Women are equally in God’s image, but not identical in their role as we’ll see later.
Part of why I think some feminists are so frustrated is because they are outside of the roles God intended them
!!!!!! Male and female are created equal yet different
 
It’s been well said: ‘Men are not women, and women are not men.
One of the saddest signs of our culture’s depravity is the amount and the degree of gender confusion today.
It is vain to wonder if men or women are superior to the other.
A man is absolutely superior at being a man.
A woman is absolutely superior at being a woman.
But when a man tries to be a woman or a woman tries to be a man, you have something inferior.’[3]
-         The likeness and image was not limited to Adam and Eve, as verse 3 says, it was passed down to their son
-         Interestingly, the genealogy in Luke 3 traces back to creation and ends with “Enosh, the son of Seth, the son of Adam, the son of God” (3:38)
-         Of course, Luke’s gospel shows that Jesus is /the Son of God /in fullest sense – N.T. also shows He’s the full image
 
*What the Image of God does NOT mean (3 things)*
 
#.
Does not mean we are divine 
 
We are still creatures and there is always a creature-Creator distinction, there’s always a gap between man and his Maker.
We are like God more than the animals, but there is always a vast distance between God and man.
Only Jesus Christ is the /express /image of God’s person as Hebrews 1:3 says, and only He can claim the exact same nature as His Father (a claim that in John 5:18 made the Jews want to stone Him).
This is precisely the area where cults and false religions go astray, in understanding Christ’s relation to God and mankind’s relation to God.
 
Christian Science founder Mary Baker Eddy urges that [God’s image in Genesis 1:26] means that “man and woman—as coexistent and eternal with God—forever reflect, in glorified quality, the infinite Father-Mother God” (Eddy, 516).
*CORRECTING THE MISINTERPRETATION:* Eddy completely misunderstands this passage of Scripture.
Several mistakes will be briefly noted.
It is contrary to the meaning of the words “image” and “likeness” to insist that humankind is like God in all respects.
Even an “image” in this context is not the same as the original, as is clear from the use of this same Hebrew word (/tzehlem/) of an idol (e.g., Num.
33:52; 2 Chron.
23:17; Ezek.
7:20) as only a /representation/ of the god, not the god itself.
The word /create/ reveals that the text is not speaking of something that is eternal but of something that came to be.
This word /(bara)/ is never used in the Old Testament of something that is eternal.
Indeed, in this context it means something that is brought into being.
The same is true of the New Testament use of the word for “create” (cf.
Col. 1:15–16; Rev. 4:11).
Also, it is a fallacy to assume, as Eddy does, that because we are like God, God must be like us.
For example, she speaks of God as … (“Father-Mother God”).
This is known in logic as an /illicit conversion./
[4]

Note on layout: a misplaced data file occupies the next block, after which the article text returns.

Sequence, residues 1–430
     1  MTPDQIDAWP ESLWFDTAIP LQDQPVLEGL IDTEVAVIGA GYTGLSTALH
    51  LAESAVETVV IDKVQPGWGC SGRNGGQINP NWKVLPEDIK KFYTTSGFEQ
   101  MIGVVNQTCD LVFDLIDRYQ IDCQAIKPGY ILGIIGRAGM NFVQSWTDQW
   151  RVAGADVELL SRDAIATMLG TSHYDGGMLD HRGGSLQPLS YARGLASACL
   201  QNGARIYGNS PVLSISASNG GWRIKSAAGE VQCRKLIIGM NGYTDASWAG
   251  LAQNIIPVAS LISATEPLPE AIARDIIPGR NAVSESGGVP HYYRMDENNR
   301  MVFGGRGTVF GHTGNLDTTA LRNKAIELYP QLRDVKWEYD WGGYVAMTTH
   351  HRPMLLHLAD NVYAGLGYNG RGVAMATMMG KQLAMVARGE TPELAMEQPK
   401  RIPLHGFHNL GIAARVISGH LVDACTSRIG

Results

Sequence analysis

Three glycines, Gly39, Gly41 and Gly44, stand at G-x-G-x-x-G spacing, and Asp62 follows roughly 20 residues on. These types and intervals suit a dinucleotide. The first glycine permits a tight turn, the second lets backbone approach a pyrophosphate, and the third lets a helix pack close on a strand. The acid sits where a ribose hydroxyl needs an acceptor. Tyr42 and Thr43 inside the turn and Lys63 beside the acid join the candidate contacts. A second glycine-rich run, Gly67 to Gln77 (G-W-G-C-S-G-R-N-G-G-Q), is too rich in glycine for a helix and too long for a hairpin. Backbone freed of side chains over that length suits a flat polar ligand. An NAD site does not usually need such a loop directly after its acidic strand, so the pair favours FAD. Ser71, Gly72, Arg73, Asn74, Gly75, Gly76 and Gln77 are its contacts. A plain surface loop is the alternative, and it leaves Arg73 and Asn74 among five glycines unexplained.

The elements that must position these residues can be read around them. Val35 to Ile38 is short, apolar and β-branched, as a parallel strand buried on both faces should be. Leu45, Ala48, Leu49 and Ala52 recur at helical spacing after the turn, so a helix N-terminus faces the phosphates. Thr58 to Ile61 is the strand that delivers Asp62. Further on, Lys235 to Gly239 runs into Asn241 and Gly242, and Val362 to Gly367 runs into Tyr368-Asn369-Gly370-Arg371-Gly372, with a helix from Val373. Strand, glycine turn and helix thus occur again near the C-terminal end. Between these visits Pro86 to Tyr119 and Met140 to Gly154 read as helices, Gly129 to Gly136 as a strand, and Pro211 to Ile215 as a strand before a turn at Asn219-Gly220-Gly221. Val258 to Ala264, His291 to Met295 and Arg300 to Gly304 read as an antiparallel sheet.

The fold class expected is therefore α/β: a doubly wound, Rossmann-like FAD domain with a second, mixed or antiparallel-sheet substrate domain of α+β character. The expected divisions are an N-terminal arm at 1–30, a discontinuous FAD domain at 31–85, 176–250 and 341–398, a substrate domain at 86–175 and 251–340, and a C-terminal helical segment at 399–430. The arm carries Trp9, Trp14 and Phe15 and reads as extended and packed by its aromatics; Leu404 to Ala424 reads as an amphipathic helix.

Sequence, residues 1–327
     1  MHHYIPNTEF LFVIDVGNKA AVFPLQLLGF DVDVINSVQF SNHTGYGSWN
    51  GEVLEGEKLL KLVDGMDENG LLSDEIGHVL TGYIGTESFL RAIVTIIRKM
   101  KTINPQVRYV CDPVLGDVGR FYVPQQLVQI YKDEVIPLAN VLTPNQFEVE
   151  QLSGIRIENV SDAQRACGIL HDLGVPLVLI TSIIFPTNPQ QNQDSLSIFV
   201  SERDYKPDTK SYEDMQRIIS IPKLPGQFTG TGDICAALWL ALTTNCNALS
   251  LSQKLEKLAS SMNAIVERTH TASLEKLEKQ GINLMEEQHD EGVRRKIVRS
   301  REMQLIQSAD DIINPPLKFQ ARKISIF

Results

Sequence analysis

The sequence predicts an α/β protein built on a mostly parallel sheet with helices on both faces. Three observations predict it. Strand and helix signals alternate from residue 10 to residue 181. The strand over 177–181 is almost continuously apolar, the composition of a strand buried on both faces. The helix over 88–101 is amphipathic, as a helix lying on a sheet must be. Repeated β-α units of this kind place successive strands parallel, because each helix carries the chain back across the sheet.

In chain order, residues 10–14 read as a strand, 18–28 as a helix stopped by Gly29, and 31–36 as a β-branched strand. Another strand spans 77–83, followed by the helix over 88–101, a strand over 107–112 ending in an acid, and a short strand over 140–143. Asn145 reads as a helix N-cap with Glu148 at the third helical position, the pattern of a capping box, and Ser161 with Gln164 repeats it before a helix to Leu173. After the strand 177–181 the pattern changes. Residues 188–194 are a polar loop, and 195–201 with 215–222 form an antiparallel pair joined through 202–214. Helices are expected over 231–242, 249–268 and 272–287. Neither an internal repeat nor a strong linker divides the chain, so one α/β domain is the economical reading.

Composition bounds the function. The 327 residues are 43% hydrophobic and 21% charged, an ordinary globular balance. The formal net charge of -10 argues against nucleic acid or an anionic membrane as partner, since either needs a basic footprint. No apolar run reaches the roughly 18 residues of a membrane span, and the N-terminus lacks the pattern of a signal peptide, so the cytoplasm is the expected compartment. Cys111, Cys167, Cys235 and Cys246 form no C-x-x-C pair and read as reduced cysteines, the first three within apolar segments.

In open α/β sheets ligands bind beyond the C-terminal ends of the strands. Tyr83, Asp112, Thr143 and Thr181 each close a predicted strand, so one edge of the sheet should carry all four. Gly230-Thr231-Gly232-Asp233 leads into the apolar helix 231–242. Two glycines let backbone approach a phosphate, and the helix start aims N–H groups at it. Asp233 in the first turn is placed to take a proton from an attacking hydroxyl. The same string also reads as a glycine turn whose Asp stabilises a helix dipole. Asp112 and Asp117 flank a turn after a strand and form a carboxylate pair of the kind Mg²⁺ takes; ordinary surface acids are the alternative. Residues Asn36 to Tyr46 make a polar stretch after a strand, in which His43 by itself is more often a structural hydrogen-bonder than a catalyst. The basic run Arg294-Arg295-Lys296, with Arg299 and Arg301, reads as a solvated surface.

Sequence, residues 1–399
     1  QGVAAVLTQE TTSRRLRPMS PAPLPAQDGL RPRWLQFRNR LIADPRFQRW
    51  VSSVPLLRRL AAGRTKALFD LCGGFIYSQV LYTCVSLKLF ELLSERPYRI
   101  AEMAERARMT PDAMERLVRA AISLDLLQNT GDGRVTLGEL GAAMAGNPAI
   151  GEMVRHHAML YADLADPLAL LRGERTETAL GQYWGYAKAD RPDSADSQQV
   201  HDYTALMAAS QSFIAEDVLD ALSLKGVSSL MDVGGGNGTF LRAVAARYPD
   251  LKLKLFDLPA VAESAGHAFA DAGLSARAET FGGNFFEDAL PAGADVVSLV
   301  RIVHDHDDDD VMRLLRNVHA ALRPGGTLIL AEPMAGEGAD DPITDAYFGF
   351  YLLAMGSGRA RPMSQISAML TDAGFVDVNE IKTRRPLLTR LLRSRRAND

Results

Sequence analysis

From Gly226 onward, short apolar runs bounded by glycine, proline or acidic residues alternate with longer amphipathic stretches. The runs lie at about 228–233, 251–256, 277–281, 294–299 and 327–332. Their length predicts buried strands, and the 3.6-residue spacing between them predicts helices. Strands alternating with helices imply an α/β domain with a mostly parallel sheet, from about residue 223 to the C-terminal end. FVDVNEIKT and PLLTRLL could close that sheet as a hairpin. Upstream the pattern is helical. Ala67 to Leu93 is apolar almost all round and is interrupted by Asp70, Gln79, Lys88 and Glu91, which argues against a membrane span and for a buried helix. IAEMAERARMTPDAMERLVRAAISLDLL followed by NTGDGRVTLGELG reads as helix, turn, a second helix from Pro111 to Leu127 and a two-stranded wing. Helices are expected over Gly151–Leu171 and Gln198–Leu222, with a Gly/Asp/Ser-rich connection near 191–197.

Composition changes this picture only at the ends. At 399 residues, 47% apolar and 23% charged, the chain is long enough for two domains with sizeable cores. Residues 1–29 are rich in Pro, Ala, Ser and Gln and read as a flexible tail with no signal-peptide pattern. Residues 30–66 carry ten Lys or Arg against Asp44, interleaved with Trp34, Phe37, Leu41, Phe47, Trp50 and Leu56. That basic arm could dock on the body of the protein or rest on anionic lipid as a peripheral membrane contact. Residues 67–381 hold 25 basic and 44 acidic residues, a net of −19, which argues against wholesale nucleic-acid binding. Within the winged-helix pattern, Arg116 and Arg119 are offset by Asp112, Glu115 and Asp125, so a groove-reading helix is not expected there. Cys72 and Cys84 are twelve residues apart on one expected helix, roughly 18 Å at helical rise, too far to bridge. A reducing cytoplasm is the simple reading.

God is not like us! Remember the great indictment in Psalm 50:21 is when God rebukes the Israelites who had a low view of Him by saying “you thought I was just like you”
 
It’s in chapter 3 that Satan will tempt Eve with a desire to become like God beyond the bounds God had set for our closeness with Him.
To try and bring ourselves up to be God seems to be the original sin of Lucifer, and also a great temptation for man to either exalt ourselves to God’s place or to bring God down to our level
 
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It also does not mean PHYSICAL IMAGE
 
Ray Stedman writes that
The Mormons (among others) teach that the image of God is the physical body of man; that is what is made after the image of God.
They base this upon certain anthropomorphic expressions in the Scripture, those expressions which seem to impute human features to God, e.g., the eyes of God, the fingers of God, the hands of God, etc.
The Mormons take these literally and say they prove that God does indeed have a body like our body.
This is fundamental to the teachings of the Mormon faith.
They fail to see that they are really turning the whole issue around and saying that it is God who is made in the image of man.
If, in this sense, man is in the image of God, then it is also true that apes and monkeys are made in the image of God, because bodily they look very much like us.[5]
The cults often go astray on the first page of the Bible.
Jehovah’s Witnesses, for example, deny that there was a personal Spirit of God in verse 2, but instead they see it as some impersonal force or wind moving over the waters.
Cults would also deny what we saw last week about the Trinity (“Let us make man in our image”)
 
Mormons argue that, because humans were created with a body of flesh and bones, God the Father must have a physical body, since humanity was created in God’s image (Smith, 1975, 1:3).
*CORRECTING THE MISINTERPRETATION:* A fundamental interpretive principle is that Scripture interprets Scripture.
When other Scriptures about God’s nature are consulted, the Mormon understanding of Genesis 1:26–27 becomes impossible.
John 4:24 indicates that God is spirit.
Luke 24:39 tells us that a spirit does not have flesh and bones.
Conclusion: Since God is spirit, he does not have flesh and bones.
Moreover, contrary to Mormonism, God is not (and never has been) a man (Num.
23:19; Isa.